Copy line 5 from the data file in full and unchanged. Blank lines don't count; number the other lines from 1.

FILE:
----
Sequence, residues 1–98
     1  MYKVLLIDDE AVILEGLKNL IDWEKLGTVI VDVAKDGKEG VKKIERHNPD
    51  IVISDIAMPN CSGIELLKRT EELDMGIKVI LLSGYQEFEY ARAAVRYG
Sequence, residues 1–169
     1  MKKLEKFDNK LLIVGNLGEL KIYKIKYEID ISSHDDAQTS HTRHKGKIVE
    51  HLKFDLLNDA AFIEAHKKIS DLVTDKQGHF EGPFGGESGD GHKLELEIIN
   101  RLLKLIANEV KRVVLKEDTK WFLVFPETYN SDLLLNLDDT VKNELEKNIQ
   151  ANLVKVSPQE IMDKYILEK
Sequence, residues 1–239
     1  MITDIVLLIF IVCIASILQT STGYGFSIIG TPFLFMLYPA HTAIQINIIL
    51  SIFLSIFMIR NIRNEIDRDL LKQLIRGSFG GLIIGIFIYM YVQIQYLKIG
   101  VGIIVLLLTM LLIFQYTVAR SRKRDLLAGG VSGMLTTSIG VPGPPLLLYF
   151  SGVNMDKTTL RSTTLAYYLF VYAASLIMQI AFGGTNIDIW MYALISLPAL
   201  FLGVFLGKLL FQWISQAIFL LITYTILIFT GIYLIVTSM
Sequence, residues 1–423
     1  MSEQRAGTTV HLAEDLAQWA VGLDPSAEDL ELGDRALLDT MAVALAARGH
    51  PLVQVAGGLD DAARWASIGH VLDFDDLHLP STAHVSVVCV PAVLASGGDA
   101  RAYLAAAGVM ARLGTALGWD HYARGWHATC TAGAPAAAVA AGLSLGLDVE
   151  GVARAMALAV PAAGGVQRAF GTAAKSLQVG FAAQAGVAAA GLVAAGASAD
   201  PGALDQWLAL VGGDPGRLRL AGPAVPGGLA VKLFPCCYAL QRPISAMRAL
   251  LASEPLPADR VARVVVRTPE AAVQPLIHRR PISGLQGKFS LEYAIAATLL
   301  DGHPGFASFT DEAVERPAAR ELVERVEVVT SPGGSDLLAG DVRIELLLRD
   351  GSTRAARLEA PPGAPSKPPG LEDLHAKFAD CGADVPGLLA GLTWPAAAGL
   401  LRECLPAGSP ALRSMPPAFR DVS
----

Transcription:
     1  MKKLEKFDNK LLIVGNLGEL KIYKIKYEID ISSHDDAQTS HTRHKGKIVE